Sam Vara wrote: ↑
Sun Nov 04, 2018 3:26 pm
chownah wrote: ↑
Sun Nov 04, 2018 12:01 pm
Sam Vara wrote: ↑
Sat Nov 03, 2018 12:01 pm
Specifically, having control is a sufficient and necessary condition for having a self, in the context within which the Buddha was talking.
I chuckled when I read this......it is sort of funny to see someone state a necessary and sufficient condition for something which does not exist!!!!!!
Agreed! But that's the point: if a thing exists, then it has that
. But it doesn't have that
, so it doesn't exist.
When the Buddha was asked by the wanderer Vacchagotta (SN44.10) whether or not a self did exist, the Buddha didn’t reply. Later on when asked by the venerable Ananda on why he kept silent, the Buddha explained:
If I had answered that there is a self it would be siding with eternalists.
And answering that there is no self would be siding with annihilationists.
And if I had answered that there is a self, would this be consistent with the insight: “All things are not-self”? [Ananda] No, Bhante.
And if I had answered that there is no self, the wanderer Vacchagotta would have become even more confused thinking: “The self I used to have now suddenly does not exists”.
Some conclude that the last part means that there is no self (doesn’t exist) and that the Buddha didn’t explain that to Vacchagotta who would otherwise become even more confused.
There are a few problems with this interpretation. For one (found close by) it would be siding with the annihilationists, which was already tackled in the first place.
That ‘All things are not-self’ would be correct for those holding the view ‘there is no self’ as well (They might think ‘All things are not-self’ because
there is no self). But unlike the view ‘there is a self’, there is consistency. Because of this consistency, the inconsistency card could here not be played. But this does not mean, not even logically, that things are not-self only
in the case of no self. What can correctly be said is things are not-self when things are not-self, or that things which are depended are thus not-self, etc.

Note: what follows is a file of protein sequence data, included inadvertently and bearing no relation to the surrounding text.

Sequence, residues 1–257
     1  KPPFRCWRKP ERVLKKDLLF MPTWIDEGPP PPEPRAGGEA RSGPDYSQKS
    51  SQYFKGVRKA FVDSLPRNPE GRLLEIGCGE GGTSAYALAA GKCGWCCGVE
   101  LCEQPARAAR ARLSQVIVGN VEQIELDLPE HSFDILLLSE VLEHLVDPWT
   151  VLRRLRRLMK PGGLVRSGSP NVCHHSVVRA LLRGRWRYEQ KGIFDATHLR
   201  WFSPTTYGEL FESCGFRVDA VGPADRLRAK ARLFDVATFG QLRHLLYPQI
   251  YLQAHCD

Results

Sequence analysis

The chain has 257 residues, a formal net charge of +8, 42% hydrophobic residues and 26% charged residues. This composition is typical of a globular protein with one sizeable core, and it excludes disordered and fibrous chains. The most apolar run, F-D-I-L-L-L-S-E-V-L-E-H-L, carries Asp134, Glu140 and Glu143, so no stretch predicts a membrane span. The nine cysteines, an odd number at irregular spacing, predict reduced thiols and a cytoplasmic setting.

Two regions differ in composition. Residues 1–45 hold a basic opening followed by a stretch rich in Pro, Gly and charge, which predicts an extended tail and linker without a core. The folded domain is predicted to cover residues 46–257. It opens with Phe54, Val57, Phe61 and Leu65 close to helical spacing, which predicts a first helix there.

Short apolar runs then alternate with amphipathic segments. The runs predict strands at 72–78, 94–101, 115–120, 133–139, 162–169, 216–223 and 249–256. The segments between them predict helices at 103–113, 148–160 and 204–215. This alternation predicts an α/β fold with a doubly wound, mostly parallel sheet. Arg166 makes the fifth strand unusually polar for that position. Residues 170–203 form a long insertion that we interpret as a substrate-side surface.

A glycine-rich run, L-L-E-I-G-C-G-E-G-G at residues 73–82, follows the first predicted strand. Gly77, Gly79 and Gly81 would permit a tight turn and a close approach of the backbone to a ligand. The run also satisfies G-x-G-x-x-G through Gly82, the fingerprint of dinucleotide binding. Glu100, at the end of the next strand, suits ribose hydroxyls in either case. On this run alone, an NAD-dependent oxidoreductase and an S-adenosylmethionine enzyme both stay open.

If all things are not self, or if (no)thing is self, a distorted conclusion would be that a self is not. So “I” too would have no self. But then we got the situation that there must be a self (“I”) in order to have no self. And so “The self I used to have now suddenly does not exists” would then be the logical conclusion for Vacchagotta.
Although confused Vacchagotta was not stupid. There are more sermons of him asking questions related to this, so we can see that he was inquiring, studying, seeing that what the Buddha and his disciples explained was consistent; so he was trying to understand what they were aiming at. And successful too, later he did became one of the arahants.
What was the question?
“And if I had answered that there is no self, the wanderer Vacchagotta would have become even more confused…”
This seem to be (mis)understood as a potential valid answer to which Vacchagotta was just not ready. But it may depends a bit on how we interpreted Ananda’s question. Ananda would have know that these closed questions were based on Wrong View. And that the Buddha was silent because answering them would not be conducive to the end of suffering. So the question could be interpreted as how (in what manner) these views were not conducive to the end of suffering. And thus we see the Buddha explaining which problems would arise with either one of these two mutually exclusive views: Both are siding with wrong view, on top of that one is even inconsistent with what we know and the other, though consistent, would still add to the confusion.